The story of endorphinsthe body’s own morphine.
“Fascinating.” -- The New Yorker
The exciting story of the race to discover endorphinsopiate-like chemicals in the brainand their links to:
In late 1973, scientists John Hughes and Hans Kosterlitz spent the majority of their time in an underfunded, obscure, and cramped laboratory in Aberdeen, Sweden. While working on the brains of pigs, the duo discovered a nonaddictive narcotic chemical that they hoped to later find in human brains. If they could isolate this chemical in humans, perhaps they could find a way to help the world begin to heal itself. Hughes and Kosterlitz’s research would inevitably lead them to discover endorphins, the body’s own natural morphine and the chemical that makes it possible to feel both pain and pleasure.
Announcing their findings to the scientific world thrust Hughes and Kosterlitz in the spotlight and made them celebrities. Soon, scientists all over the world were hastily examining the human brain and its endorphins. In a few years’ time, they would use the team’s initial research to link endorphins to drug addiction, runner’s high, appetite control, sexual response, and mental illnesses such as depression and schizophrenia.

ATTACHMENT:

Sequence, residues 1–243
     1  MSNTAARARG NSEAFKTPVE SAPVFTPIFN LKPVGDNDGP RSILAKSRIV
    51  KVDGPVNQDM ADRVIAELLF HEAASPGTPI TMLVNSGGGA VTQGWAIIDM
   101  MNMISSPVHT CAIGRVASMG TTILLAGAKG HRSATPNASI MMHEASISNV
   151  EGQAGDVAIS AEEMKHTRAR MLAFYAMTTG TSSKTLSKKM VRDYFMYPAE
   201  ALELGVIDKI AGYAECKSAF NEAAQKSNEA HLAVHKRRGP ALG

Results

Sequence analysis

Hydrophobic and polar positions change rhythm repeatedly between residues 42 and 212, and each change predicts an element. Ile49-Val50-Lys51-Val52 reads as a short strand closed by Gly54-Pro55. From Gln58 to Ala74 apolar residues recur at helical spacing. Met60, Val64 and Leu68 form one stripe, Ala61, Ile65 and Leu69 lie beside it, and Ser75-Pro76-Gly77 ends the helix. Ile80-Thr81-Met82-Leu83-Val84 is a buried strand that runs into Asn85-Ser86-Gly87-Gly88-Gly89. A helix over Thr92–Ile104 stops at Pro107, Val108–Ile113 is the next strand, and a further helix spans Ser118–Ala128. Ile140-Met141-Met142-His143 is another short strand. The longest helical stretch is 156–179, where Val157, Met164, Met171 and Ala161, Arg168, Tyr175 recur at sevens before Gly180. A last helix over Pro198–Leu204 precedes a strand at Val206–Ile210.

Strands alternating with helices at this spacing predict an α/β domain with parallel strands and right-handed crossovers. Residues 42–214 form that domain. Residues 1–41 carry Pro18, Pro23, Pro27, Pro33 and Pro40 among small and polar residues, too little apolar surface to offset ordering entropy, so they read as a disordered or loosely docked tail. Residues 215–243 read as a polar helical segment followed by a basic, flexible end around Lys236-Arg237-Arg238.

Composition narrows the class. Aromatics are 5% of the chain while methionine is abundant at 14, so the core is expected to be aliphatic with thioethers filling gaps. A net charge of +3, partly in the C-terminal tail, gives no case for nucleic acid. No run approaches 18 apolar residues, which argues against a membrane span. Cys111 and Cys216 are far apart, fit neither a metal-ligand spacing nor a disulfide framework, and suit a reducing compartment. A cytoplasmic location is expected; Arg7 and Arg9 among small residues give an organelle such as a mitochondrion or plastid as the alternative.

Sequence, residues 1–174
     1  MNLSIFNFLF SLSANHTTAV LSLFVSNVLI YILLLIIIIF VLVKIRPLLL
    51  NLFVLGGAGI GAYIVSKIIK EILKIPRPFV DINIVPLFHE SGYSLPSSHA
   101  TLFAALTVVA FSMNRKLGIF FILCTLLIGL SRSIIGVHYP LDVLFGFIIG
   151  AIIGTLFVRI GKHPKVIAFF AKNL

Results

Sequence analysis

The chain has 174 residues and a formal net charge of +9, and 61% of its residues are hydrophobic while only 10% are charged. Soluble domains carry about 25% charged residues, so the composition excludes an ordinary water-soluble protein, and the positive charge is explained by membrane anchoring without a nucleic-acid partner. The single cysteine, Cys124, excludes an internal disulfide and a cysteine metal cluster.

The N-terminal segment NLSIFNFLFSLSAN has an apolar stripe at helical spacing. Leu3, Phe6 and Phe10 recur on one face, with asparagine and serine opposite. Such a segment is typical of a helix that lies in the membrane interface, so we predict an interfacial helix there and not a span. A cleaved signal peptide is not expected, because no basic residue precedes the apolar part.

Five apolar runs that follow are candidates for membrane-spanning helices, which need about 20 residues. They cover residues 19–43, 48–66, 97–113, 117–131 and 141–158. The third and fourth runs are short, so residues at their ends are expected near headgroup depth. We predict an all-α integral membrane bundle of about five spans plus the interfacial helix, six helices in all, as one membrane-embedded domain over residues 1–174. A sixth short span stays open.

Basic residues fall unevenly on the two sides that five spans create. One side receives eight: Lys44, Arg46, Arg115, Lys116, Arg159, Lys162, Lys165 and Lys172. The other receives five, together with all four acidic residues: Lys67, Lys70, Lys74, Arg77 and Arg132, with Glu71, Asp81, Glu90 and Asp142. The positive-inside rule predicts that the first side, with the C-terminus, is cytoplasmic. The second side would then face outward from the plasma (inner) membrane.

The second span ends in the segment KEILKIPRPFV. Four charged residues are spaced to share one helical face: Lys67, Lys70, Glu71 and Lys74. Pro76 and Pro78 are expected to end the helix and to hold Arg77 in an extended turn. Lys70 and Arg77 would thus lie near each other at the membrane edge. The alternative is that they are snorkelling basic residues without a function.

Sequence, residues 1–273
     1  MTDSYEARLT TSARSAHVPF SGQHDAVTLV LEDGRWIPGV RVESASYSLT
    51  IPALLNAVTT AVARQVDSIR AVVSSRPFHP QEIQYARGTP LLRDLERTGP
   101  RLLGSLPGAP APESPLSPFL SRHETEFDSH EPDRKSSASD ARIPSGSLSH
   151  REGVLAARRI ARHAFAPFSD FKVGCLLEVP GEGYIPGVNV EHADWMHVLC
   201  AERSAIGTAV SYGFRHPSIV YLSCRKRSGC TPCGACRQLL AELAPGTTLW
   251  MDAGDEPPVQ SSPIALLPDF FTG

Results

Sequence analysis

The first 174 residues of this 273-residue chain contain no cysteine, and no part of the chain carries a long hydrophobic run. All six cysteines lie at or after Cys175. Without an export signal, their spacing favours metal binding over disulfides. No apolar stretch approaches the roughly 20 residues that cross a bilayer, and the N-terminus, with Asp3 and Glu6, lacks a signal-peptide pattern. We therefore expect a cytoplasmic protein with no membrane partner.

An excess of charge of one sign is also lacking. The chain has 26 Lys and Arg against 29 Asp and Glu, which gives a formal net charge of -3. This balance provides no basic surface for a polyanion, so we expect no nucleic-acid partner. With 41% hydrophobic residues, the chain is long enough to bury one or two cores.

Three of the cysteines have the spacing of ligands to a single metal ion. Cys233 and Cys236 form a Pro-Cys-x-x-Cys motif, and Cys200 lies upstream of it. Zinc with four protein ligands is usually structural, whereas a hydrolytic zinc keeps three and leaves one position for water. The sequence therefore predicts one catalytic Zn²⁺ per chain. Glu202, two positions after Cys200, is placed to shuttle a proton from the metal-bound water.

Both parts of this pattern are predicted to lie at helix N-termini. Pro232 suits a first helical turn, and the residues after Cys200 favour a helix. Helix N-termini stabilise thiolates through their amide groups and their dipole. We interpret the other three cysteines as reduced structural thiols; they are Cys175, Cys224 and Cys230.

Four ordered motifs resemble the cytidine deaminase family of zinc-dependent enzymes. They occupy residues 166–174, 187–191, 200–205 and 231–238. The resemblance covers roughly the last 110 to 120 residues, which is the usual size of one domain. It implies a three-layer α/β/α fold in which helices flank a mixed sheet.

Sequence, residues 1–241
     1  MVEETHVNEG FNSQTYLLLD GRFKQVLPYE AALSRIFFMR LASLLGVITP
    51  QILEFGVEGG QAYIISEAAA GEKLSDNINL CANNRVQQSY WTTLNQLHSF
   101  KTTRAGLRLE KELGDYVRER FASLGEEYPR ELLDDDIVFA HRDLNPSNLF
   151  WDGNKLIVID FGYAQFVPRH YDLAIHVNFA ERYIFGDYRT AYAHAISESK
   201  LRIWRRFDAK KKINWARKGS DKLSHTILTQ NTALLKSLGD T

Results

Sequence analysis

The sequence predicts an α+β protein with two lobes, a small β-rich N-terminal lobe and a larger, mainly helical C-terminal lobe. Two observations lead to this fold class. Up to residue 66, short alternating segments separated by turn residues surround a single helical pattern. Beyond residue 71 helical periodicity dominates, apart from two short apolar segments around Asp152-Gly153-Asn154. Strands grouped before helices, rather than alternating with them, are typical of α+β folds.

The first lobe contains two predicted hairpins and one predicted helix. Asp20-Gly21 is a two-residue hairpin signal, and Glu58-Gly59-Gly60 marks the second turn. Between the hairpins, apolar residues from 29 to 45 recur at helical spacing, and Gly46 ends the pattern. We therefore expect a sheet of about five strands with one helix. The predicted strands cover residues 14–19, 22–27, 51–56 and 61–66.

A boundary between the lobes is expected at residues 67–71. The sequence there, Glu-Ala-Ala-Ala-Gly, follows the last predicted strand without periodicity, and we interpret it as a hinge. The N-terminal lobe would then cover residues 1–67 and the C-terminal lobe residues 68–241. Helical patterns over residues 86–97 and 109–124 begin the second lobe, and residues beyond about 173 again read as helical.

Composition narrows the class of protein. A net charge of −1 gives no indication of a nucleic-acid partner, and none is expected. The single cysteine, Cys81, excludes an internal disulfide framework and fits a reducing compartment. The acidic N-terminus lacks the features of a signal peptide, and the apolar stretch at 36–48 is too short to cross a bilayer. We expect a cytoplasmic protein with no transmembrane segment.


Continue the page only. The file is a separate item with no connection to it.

In Anatomy of a Scientific Discovery, Jeff Goldberg describes Hughes and Kosterlitz’s lives before, during, and after their historic and scientific breakthrough. He also takes a look at the bigger picture, revealing the brutal competition between drug companies to find a way to cash in on this monumental discovery.
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Table of Contents
Introduction to the Twenty-Fifth Anniversary Edition 1
Slaughterhouse Days 4
Brain Soup 11
Locks and Keys 22
Substance X 39
Breaking the Code 59
Alpha, Beta, Gamma 81
The Madness Factor 94
The Endorphin Business 115
Rats and Runners 144
The Symphony and the Orchestra 156